Though the Eli Whitney students meet up once a week at Rudy’s, Chmelar is committed to being a part of the general undergraduate community, he said. He described himself as “closer to a traditional student” than most of his fellow Eli Whitney students, some of whom study only part of the week. Chmelar lives in the Taft and is a member of the cycling team, as well as the Society for Intellectual Growth and Reinvigoration, a cigar club.

Michael Knowles ’12, the head of SIGAR, recalls having no idea that Chmelar was not an ordinary student.

“I thought he was a regular freshman,” he said, “Then I found out he was my year. Then I found out he was 25.”

But Chmelar is “down to earth” about it and has already ascended to the board of the group, Knowles said.

Chmelar acknowledges that the decision to return to school for four years in the middle of an already thriving career was a huge leap.

“I used to have a secretary and an office with a view,” he said.

Yet Chmelar is already in love with the Yale mystique and is eager to take part in its history and culture. In fact, he’s already checked one important Yale tradition of the list: last week he went to Wednesday night Toad’s for the first time.

—Amy Lee

Robert Johnston

For Major Robert Johnston ’10, an active duty officer in the United States Army, education and military service were intertwined since the beginning. Johnston, now 35, explained his twisting path through schools and war zones, beginning with his birth to a military family stationed in Panama.

He grew up in Los Angeles and at age 17, followed in his father’s footsteps by enlisting with the Army after graduating from high school. He served as a private for three years, at which point he was offered the opportunity to take an entrance exam as a part of the “Green to Gold” program, which gives army members the opportunity to earn college degrees. Because of his achievement on the test, the Army offered to pay his way through George Washington University, where he was an active member of the Reserve Officer Training Corps (ROTC). Through the “Green to Gold” program, he became an officer, bypassing the traditional enlistment process.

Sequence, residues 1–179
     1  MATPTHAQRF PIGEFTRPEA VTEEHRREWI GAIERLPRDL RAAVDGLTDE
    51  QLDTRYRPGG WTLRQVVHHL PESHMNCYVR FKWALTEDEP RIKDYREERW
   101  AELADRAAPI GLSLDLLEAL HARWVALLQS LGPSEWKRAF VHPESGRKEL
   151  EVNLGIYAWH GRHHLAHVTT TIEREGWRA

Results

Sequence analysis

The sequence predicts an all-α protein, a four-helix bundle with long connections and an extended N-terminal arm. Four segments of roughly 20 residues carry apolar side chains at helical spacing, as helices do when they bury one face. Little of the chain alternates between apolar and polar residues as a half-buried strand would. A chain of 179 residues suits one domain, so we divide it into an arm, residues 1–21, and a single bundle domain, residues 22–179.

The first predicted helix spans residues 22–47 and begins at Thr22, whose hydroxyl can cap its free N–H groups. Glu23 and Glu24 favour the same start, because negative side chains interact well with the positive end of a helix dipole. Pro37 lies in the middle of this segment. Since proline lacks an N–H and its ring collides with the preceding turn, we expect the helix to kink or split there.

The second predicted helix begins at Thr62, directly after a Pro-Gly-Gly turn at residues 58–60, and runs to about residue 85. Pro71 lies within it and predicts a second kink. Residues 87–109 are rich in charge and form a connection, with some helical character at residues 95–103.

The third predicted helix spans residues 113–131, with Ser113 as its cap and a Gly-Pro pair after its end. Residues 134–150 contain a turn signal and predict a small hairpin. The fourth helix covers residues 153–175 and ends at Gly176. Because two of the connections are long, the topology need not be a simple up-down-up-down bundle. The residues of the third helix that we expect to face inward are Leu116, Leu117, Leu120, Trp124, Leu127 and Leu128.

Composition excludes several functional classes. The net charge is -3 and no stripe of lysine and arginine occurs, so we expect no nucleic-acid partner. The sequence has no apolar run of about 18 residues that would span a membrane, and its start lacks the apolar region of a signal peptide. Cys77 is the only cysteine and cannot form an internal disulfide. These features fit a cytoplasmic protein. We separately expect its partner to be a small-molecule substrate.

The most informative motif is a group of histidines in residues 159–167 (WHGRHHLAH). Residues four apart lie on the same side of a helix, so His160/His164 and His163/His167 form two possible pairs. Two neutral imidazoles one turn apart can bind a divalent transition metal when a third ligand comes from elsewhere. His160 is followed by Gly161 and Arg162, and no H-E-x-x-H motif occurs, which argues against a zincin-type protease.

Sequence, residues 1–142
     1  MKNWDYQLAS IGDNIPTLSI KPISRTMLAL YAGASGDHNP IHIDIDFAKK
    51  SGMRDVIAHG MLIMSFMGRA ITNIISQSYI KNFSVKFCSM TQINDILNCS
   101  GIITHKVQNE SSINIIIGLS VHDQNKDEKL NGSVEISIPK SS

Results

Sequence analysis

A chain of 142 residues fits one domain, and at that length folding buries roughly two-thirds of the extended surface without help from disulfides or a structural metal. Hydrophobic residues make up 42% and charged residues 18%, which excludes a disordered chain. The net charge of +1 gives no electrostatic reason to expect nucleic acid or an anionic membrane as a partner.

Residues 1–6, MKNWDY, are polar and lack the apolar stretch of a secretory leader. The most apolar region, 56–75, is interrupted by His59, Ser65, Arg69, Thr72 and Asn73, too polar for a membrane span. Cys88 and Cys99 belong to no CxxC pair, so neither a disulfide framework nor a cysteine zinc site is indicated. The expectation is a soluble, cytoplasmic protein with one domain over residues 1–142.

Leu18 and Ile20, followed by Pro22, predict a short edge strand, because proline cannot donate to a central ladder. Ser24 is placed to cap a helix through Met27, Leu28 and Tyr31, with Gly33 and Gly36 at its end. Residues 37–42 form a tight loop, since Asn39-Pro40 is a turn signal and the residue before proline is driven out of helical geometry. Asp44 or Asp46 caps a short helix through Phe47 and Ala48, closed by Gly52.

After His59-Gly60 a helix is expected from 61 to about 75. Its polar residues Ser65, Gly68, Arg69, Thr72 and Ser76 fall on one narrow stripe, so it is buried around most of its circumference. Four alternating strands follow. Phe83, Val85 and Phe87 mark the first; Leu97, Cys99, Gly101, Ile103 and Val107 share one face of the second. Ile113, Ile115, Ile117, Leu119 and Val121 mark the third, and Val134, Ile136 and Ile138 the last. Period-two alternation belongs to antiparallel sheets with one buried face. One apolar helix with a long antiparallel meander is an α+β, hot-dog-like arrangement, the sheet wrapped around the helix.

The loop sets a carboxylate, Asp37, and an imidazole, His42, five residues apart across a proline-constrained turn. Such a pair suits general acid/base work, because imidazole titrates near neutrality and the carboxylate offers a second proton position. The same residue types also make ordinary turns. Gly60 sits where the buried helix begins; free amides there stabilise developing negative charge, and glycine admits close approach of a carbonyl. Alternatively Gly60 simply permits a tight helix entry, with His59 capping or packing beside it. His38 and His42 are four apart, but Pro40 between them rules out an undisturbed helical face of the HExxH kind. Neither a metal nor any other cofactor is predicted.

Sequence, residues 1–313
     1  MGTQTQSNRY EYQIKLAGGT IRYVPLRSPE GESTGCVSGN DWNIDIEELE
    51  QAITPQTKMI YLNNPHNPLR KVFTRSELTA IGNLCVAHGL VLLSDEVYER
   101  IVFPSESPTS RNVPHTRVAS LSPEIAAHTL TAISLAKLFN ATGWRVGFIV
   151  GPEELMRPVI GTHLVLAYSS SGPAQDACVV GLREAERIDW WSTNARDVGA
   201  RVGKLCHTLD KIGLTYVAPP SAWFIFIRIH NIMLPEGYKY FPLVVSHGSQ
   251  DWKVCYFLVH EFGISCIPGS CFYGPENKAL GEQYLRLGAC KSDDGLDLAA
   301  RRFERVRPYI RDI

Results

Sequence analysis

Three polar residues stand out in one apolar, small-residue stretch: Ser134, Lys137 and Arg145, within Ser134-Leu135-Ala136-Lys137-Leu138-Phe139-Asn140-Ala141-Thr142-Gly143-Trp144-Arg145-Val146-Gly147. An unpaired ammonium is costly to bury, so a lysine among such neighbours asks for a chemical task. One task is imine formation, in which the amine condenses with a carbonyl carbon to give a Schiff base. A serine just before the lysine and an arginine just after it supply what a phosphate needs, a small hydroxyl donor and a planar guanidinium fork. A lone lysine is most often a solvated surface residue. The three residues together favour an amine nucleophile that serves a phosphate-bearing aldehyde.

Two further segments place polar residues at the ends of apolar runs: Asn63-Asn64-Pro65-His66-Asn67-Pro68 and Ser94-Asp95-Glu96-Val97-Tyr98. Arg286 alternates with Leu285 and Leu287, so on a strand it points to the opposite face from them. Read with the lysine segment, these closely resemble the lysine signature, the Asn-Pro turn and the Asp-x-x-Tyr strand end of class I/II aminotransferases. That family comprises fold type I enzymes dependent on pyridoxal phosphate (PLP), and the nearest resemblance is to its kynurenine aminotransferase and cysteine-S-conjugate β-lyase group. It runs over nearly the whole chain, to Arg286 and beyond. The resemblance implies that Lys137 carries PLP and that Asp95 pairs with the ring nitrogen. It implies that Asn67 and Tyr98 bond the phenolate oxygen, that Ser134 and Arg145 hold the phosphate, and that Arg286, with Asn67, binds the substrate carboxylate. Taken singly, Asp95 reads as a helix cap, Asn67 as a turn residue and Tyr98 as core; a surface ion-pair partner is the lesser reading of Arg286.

Johnston described his 10-year term as an officer as a valuable and eye opening experience. He moved from Fort Drum, New York, to Germany and then war-torn Bosnia. He said he came away from the trauma of war with a new perspective that he can transpose anywhere in life, even the classroom.

“I can bring something to the classroom that many people can’t — eyes on the ground,” Johnston said.

Unlike many visiting lecturers at Yale, who are often high-ranking generals and present abstract topics like “Iraq strategy,” Johnston described his own experience as almost journalistic.

“You get a very personal, tangible little vignette of what’s happening in those countries,” he said.

Yet this was only the beginning. Johnston was deployed in Afghanistan and then Iraq, proudly noting that he played a role in the budding democratic processes of each country.

Johnston was a part of the 2002 Afghani loya jirga, a Pashto phrase meaning “grand council.” The assembly brought together delegates and leaders of each tribe to forge a new constitution. Ironically, he found himself in Iraq three years later during the country’s first constitutional election as well.

“You know, in 2005 when you saw pictures of Iraqis waving around purple thumbs — I was doing security for that,” Johnston said.

Such first-hand experience contributes directly to his current graduate work in European and Russian studies.